Lewis said: "George Wallace never threw a bomb. He never fired a gun, but he created the climate and the conditions that encouraged vicious attacks against innocent Americans who only desired to exercise their constitutional right." He said McCain and Palin are "playing with fire, and if they are not careful, that fire will consume us all." - L.A. Times blog
One thing I think is insulting about modern day politics is this penchant to criticize the criticizer. Another insulting aspect is while criticizing, you embrace the one you're criticizing. It's the double talk hypocrisy that makes your average Harry Truman Democrat want to spit. Say what you mean, mean what you say. Others of the same political stripe keeping their traps shut, respecting that the person making the statement can say whatever he or she wants without having to have you approve or disapprove of it or be automatically associated with it. We've had a lot of this type of rhetorical tap dancing regarding McCain. Democrats feel the need to laud McCain right before they lower the boom on him. This on the one hand, yet there's the other hand rhetorical ridiculousness is enough to make anyone dizzy. None more so than the current kerfuffle surrounding the legendary civil rights leader John Lewis.
“Senator Obama does not believe that John McCain or his policy criticism is in any way comparable to George Wallace or his segregationist policies. But John Lewis was right to condemn some of the hateful rhetoric that John McCain himself personally rebuked just last night, as well as the baseless and profoundly irresponsible charges from his own running mate that the Democratic nominee for President of the United States ‘pals around with terrorists.’ As Barack Obama has said himself, the last thing we need from either party is the kind of angry, divisive rhetoric that tears us apart at a time of crisis when we desperately need to come together. That is the kind of campaign Senator Obama will continue to run in the weeks ahead,” said Obama-Biden spokesman Bill Burton.
The statement by the Obama camp leads off with an insulting judgment of Lewis, a man whose personal experience and first hand knowledge they have absolutely no right or moral authority to weigh in on or opine upon. Was anyone in the Obama campaign near Lewis when he was almost beaten to death by an angry mob? If so, they can speak to it. Certainly, Barack Obama has only an historical clue what Lewis went through back in those days, having simply benefited from Lewis' fight. But that does not give Obama's campaign any authority or right to weigh in. The notion that Barack Obama would have walked in Lewis' shoes and risked life and limb is laughable, which is proven by the Obama campaign's quick move to disassociate themselves from the civil rights hero who came close to giving his life so future generations, like Obama's, could benefit.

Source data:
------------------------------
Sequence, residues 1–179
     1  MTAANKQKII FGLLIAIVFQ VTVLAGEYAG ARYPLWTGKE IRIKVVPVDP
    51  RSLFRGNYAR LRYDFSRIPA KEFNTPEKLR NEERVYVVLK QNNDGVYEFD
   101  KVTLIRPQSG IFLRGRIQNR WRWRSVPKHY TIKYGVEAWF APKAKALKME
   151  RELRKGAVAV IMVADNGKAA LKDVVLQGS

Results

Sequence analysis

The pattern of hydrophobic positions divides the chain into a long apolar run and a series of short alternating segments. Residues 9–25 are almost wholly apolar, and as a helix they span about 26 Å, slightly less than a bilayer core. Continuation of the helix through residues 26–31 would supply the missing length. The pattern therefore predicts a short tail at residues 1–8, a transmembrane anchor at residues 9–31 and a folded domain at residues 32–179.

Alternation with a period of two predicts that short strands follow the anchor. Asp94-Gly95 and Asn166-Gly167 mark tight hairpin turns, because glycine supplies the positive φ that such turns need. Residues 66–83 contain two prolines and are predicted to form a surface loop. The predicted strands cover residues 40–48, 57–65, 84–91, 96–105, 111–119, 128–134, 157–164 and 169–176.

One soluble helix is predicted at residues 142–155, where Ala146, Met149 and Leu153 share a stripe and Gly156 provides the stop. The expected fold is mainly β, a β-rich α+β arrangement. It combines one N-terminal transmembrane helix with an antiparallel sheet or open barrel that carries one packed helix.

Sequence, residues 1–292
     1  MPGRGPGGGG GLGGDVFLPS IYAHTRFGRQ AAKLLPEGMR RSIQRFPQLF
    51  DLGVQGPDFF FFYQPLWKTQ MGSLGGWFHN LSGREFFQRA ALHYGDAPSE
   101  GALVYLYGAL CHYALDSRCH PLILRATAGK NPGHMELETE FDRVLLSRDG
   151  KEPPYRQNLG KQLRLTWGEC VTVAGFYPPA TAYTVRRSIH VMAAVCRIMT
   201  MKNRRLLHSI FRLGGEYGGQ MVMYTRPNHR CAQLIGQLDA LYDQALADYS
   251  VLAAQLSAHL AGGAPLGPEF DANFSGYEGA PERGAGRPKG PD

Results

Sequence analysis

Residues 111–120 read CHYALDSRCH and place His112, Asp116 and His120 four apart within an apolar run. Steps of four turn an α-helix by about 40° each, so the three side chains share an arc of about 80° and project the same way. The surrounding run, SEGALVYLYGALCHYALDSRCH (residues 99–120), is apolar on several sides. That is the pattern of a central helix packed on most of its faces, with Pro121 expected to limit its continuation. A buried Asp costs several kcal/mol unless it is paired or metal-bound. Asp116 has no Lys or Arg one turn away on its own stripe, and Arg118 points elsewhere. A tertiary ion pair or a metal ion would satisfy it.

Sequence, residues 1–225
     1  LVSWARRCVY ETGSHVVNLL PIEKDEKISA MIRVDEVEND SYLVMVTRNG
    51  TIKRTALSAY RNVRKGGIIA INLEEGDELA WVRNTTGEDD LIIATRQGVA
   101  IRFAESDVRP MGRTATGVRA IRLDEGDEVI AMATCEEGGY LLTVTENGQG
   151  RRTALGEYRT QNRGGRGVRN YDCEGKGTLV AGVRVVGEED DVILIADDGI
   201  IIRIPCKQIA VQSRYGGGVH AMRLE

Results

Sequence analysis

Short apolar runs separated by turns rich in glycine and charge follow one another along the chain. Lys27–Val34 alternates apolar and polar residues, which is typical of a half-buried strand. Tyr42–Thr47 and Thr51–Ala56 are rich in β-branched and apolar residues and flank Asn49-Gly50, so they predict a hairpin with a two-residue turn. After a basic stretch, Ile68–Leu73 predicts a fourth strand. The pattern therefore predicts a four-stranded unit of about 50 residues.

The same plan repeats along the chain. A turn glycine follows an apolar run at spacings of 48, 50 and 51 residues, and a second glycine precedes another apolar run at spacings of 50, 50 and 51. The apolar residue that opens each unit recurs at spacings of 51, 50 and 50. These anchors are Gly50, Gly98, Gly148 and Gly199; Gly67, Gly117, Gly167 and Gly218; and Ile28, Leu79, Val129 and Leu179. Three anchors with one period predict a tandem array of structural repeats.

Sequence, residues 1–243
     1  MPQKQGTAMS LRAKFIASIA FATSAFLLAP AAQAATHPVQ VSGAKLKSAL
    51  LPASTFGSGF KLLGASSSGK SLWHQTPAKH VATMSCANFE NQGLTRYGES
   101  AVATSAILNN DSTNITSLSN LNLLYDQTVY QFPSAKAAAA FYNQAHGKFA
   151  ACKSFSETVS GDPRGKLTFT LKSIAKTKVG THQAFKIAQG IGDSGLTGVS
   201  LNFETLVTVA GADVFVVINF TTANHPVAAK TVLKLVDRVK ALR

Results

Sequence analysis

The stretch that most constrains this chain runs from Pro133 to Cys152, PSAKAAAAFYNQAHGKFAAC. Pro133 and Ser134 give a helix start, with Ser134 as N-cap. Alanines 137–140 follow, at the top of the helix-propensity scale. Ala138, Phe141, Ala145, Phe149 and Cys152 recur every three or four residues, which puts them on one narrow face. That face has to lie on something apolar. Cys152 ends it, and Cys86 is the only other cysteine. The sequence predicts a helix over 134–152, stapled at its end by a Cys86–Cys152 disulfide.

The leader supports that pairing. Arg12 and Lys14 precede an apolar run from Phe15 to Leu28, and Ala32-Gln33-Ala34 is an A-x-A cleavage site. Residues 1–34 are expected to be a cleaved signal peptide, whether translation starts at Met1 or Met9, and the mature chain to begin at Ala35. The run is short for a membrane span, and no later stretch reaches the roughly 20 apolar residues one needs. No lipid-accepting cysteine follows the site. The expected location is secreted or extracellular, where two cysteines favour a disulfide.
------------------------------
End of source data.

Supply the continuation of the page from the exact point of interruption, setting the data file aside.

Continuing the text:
John Lewis can say whatever he wants when it comes to violence having been a witness and victim to that incitement. He can talk about race, hatred and compare Republican tactics to a period that almost got Lewis himself killed, certainly without any chiming in from a 21st century campaign who is quite removed from Lewis' sacrifice and wounds, only recently just beginning to learn what it's like to be black and at the center of American politics.The only thing worse than Obama's statement was that of John McCain's.
"Congressman John Lewis' comments represent a character attack against Governor Sarah Palin and me that is shocking and beyond the pale. The notion that legitimate criticism of Senator Obama's record and positions could be compared to Governor George Wallace, his segregationist policies and the violence he provoked is unacceptable and has no place in this campaign. I am saddened that John Lewis, a man I've always admired, would make such a brazen and baseless attack on my character and the character of the thousands of hardworking Americans who come to our events to cheer for the kind of reform that will put America on the right track. I call on Senator Obama to immediately and personally repudiate these outrageous and divisive comments that are so clearly designed to shut down debate 24 days before the election. Our country must return to the important debate about the path forward for America."
This weighing in on Lewis by the presidential peanut gallery is one of the worst aspects of modern politics.
What is "shocking and beyond the pale" is that Governor Palin has been John McCain's shield for incendiary remarks encouraged by the McCain campaign that finally forced him to tell one of his own supporters that Obama wasn't an "Arab" this weekend. Meanwhile, McCain's "Who is Barack Obama" ads continue to run, as wingnut minions like Sean Hannity run specials on Fox that stoke fear, hatred and loathing of a man who is likely our 44th president.
Neither Barack Obama nor John McCain has any moral authority, right or point of grace to say one word to John Lewis about his judgment on what's going on in the campaign. That both of the presidential candidates took it upon themselves to weigh in repels me at a deep level. I stand behind John Lewis, though that's very far behind because I'm not fit to stand anywhere near him, because I didn't walk in his shoes. Neither have Barack Obama or John McCain, and certainly not Sarah Palin.
When a civil rights leader like Rep. John Lewis weighs in politicians should listen, but more importantly, keep their mouths shut. I the presence of John Lewis, a little humility is in order.